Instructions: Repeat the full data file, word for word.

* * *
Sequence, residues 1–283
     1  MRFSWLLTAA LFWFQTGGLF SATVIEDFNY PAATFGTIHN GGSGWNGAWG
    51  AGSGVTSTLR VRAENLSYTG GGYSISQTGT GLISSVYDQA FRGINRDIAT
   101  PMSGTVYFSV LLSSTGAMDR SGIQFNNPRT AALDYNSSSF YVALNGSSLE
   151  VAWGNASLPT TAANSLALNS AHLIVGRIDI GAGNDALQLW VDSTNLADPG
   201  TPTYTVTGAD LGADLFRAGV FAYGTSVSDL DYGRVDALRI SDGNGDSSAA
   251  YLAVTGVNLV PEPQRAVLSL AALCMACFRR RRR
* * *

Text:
Sequence, residues 1–283
     1  MRFSWLLTAA LFWFQTGGLF SATVIEDFNY PAATFGTIHN GGSGWNGAWG
    51  AGSGVTSTLR VRAENLSYTG GGYSISQTGT GLISSVYDQA FRGINRDIAT
   101  PMSGTVYFSV LLSSTGAMDR SGIQFNNPRT AALDYNSSSF YVALNGSSLE
   151  VAWGNASLPT TAANSLALNS AHLIVGRIDI GAGNDALQLW VDSTNLADPG
   201  TPTYTVTGAD LGADLFRAGV FAYGTSVSDL DYGRVDALRI SDGNGDSSAA
   251  YLAVTGVNLV PEPQRAVLSL AALCMACFRR RRR